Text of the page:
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British Bikers – Summer of Discontent

July 14, 2009
No to Bike Parking Charges

No to Bike Parking Charges

Cambridge, England – British bikers have flexed their protest muscles in the first weeks of July firing the Riders Rights Movement in the UK with new energy and highlighting issues of major concern to the motorcycling community.

The No To Bike Parking Fees (NTBPF) Campaign continued its fight with Westminster City Council who has announced that the bike parking fees regime will become permanent from August 8 2009. The Council is bound by law to consider last-minute written objections to the charging scheme, thus on July 1 better than 4000 bikers turned up at City Hall to register their objections to the bike parking fees regime in person. It took more than 2 hours for Council Officers to formally accept and stamp the objection forms handed in.

The announcement of permanent charging now gives NTBPF a window of opportunity to launch a full legal challenge via a Judicial Review, for which they have to raise a minimum of £50,000 to hire a Public Law specialist legal team.

The alternative of doing nothing would leave the way open for other UK Councils to start up their own versions of the Westminster charging scheme. Successfully challenging the Westminster charging scheme is thus vital. You can support the NTBPF Fighting Fund at:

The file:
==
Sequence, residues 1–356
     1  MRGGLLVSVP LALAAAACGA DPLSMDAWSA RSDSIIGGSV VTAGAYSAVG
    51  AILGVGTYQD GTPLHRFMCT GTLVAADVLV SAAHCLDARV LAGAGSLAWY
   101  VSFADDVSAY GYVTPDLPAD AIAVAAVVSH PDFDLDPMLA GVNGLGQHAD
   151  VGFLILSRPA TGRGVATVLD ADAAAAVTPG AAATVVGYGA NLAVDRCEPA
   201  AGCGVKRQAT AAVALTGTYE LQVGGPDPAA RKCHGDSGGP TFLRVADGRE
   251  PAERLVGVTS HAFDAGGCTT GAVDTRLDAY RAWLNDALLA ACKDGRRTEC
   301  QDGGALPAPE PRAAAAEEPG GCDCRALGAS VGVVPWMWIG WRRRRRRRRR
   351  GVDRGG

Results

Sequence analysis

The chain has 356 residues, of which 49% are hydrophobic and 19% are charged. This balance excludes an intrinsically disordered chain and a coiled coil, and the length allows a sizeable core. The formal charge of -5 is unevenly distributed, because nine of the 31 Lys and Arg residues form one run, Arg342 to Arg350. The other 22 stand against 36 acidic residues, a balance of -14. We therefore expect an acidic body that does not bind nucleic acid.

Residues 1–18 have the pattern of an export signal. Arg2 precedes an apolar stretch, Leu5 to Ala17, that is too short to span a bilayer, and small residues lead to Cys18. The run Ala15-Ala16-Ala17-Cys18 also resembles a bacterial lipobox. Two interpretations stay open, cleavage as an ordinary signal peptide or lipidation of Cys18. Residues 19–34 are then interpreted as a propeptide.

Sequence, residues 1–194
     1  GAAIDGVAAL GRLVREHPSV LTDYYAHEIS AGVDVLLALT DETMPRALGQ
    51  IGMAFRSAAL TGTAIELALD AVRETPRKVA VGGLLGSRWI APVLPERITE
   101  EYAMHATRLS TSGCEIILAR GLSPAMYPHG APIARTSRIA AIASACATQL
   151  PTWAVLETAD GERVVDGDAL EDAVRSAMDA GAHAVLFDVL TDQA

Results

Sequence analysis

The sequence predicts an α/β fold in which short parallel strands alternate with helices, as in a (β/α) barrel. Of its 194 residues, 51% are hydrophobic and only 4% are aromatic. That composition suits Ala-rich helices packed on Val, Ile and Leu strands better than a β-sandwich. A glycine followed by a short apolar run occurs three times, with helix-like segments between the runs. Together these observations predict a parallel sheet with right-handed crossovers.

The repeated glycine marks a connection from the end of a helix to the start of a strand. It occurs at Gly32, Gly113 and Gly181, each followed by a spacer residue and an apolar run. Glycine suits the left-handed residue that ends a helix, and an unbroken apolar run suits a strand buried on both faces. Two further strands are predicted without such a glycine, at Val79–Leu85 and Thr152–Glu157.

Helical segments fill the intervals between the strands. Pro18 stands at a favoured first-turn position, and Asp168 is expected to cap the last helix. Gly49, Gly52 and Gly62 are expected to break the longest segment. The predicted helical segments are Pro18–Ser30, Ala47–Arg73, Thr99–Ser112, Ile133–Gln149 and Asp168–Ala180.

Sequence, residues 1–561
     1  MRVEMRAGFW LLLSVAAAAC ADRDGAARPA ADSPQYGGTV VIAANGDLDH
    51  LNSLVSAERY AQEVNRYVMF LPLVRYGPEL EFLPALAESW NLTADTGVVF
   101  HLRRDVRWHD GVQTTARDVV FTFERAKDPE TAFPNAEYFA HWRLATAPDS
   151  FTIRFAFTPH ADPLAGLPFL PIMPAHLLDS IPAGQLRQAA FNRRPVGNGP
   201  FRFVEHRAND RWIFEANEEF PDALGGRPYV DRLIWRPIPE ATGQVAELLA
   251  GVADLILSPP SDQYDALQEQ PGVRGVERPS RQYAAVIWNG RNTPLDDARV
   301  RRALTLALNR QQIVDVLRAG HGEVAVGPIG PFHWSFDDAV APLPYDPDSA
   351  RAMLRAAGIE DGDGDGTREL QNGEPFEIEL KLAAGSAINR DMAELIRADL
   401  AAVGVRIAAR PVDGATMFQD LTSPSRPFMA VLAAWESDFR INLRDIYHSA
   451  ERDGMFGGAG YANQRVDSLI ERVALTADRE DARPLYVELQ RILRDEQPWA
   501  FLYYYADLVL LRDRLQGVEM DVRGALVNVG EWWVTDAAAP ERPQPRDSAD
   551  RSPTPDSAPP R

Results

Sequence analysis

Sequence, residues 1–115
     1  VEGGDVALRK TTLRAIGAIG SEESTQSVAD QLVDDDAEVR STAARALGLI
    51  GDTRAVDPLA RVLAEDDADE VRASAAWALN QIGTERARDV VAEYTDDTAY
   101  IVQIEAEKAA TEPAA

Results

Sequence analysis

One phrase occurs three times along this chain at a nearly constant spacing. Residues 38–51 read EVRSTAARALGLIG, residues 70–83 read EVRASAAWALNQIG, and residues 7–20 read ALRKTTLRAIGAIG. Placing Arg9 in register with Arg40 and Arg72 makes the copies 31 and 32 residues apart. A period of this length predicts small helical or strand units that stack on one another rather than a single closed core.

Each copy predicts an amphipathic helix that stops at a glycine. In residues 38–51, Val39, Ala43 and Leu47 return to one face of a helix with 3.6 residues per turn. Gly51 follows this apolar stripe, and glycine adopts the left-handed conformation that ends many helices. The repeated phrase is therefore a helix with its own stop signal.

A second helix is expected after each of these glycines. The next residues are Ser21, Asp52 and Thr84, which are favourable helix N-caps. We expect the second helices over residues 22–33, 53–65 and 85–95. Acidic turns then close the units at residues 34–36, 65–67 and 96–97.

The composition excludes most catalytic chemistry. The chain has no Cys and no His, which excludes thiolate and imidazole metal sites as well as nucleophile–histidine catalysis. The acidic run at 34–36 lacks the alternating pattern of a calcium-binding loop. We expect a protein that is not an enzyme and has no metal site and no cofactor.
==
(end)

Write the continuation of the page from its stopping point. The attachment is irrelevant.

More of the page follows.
On July 9 more than 1000 bikers and truckers brought Britain’s Trans Pennine motorway, the M62, to a standstill in a protest against rising fuel and road tax prices.

Timed to coincide with the morning rush hour traffic tailed back past the Rochdale Junc 20 turnoff and into West Yorkshire as the stream of riders and drivers left Birch services at 8am and headed for Manchester City centre. Riding at a snail’s pace the demonstration stretched for more than a 3 miles and caused a five-mile tailback with all three lanes of the M62 left crawling behind the convoy.

July 11 saw a convoy of 200 bikers from Mid and West Wales riding to Swansea to protest at a lack of centres where riders can take the new motorcycle test. There are currently only three Welsh test centres – Bangor in Gwynedd, Swansea and Newport.

Converging at the Driving Standards Agency (DSA) in Swansea’s Fabian Way the bikers voiced their concerns to DSA officials, in particular the need for additional test centres to avoid leaving novices riders with lengthy journeys to take the exam. Indeed the  DSA’s own accessibility criteria states that test candidates should be able to reach a motorcycling test facility within 45 minutes and travel no more than 20 miles to do so. Something which seems to have been forgotten in the DSA’s rush to comply with the new European style motorcycle test.

So if there’s a protest taking place on your patch why not make the summer of 2009 a true biker protest fest and support it. See you there!

© Back Roads Rider 2009

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